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A company pension scheme in which employees' pension payments are calculated according to their length of service and their salary at the time of retirement.
- ‘The safety net is to be funded entirely from levies on companies running final salary schemes.’
- ‘In the 12 years to 2000, UK companies saved £ 18 bn by cutting their contributions to final salary schemes.’
- ‘Two thirds of the biggest companies have closed their final salary schemes to future employees.’
- ‘Last year 7,500 Network Rail workers successfully defended their final salary scheme by threatening strike action.’
- ‘Back in 1991 nearly six million workers had final salary schemes.’
- ‘There are still over three million workers on final salary schemes.’
- ‘He wants the option of ending final salary schemes examined.’
- ‘In Britain workers at the Caparo Group were due to hold a strike in defence of their final salary scheme this week.’
- ‘However, he has no plans to campaign for MPs to lose their lucrative final salary schemes.’
- ‘The union, which has 73,000 members in Scotland, is increasingly concerned at the number of employers pulling out of final salary schemes.’
- ‘According to research recently published by the Association of Consulting Actuaries, only 37 percent of final salary schemes are open to new members.’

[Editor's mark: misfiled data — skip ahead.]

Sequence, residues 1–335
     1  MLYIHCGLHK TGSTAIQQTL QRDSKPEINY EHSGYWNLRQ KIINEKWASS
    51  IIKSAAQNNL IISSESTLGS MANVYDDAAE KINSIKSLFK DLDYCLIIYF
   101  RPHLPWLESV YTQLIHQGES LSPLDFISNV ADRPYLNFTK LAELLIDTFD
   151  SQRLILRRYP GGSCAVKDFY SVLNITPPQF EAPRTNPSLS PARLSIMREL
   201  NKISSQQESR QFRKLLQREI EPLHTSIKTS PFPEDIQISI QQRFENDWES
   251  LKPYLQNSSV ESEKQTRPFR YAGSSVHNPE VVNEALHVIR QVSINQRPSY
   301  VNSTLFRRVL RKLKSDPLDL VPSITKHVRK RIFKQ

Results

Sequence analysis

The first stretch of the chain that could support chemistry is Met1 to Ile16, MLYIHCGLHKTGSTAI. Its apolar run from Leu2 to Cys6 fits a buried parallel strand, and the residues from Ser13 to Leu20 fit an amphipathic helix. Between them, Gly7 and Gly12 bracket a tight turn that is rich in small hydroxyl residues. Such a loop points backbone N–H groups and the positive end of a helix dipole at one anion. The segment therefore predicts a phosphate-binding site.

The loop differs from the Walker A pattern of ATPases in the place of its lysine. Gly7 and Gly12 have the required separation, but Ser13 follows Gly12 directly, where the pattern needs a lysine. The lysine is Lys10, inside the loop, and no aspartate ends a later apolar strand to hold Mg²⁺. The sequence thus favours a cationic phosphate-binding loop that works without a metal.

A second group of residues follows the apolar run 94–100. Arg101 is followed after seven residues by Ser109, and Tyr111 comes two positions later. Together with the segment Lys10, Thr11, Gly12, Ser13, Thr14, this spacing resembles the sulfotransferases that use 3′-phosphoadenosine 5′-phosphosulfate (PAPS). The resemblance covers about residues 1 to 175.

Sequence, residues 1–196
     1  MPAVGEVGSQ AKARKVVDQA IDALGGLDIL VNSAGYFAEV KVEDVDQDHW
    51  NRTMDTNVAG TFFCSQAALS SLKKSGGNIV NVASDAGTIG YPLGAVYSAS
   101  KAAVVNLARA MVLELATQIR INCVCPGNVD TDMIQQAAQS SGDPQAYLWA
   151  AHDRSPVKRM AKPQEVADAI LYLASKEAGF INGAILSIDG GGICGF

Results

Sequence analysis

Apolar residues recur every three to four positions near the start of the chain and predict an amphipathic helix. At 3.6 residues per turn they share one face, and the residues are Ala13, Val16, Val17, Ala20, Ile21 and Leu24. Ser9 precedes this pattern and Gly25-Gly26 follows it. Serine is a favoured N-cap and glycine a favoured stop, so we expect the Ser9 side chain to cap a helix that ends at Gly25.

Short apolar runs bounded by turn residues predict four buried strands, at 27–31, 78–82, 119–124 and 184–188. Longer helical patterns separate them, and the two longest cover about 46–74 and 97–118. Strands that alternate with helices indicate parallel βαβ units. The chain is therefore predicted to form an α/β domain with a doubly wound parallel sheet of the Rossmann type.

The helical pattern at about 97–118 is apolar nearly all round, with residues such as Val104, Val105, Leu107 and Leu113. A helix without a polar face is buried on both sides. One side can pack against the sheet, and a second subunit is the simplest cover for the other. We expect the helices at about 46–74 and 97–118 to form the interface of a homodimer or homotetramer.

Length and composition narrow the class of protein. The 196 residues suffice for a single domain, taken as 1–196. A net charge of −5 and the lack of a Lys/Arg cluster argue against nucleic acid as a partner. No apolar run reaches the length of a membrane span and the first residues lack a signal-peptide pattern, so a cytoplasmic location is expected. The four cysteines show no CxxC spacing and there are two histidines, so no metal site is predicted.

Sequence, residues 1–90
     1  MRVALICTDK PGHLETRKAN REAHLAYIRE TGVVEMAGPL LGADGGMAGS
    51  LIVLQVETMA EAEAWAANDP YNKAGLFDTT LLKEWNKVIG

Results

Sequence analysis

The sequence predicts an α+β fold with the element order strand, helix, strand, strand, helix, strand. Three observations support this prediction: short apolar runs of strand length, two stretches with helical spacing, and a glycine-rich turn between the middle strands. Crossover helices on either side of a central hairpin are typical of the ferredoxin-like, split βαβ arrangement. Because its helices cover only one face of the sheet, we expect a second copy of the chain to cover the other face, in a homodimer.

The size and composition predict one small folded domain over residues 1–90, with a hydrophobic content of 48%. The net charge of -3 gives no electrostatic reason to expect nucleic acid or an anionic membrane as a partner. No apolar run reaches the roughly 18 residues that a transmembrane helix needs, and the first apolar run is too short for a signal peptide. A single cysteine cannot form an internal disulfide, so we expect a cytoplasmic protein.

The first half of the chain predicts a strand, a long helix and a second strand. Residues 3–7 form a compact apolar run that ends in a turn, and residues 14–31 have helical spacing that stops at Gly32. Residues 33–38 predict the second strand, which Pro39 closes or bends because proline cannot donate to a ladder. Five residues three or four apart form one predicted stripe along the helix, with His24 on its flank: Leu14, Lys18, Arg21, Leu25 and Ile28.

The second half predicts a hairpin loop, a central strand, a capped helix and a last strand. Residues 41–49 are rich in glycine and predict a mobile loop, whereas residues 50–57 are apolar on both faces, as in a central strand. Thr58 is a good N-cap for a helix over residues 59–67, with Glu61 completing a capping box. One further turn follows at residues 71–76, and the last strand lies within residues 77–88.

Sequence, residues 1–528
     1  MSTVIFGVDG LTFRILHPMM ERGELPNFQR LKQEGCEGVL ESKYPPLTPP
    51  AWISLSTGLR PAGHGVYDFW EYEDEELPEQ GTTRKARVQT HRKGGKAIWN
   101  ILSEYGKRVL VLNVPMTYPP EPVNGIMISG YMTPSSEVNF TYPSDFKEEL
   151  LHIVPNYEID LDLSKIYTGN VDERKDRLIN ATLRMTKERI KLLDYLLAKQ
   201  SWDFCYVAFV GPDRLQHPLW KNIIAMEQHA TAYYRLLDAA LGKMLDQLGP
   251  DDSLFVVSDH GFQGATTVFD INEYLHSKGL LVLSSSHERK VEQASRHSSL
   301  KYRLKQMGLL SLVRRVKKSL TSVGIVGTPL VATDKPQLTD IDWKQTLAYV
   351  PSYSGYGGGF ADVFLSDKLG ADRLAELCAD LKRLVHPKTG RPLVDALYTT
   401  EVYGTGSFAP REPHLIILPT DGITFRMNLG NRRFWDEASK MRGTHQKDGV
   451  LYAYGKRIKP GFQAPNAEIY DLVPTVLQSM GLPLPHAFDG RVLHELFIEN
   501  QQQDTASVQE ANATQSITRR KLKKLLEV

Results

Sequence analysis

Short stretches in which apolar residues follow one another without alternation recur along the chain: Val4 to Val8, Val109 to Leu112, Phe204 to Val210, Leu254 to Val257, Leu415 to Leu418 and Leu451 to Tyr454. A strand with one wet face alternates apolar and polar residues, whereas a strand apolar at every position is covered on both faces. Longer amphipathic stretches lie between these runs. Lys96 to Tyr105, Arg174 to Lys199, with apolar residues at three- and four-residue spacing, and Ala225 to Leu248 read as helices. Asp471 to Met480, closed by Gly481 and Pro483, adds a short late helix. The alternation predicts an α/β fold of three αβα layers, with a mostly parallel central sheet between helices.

- ‘Abbey National last week became the latest blue-chip firm to scrap its gold-plated final salary scheme.’
- ‘There has been a lot of hysteria about pensions, with final salary schemes closing.’
- ‘A substantial number of company bosses predicted they would be forced to abandon final salary schemes in the next five years.’
- ‘British employers have saved billions by closing final salary schemes.’
- ‘Some employees, whose careers peak in their mid-40s, may do even better than with a final salary scheme.’
- ‘Over 600 workers at Rhodia chemicals company are set to strike to keep their final salary scheme open to new members.’
- ‘Precision engineering firm Renishaw becomes latest firm to close final salary scheme.’
- ‘Occupational pensions were traditionally based on the principle of a final salary scheme.’
- ‘There was anger over the decision of Network Rail to abandon its final salary scheme for new starters.’
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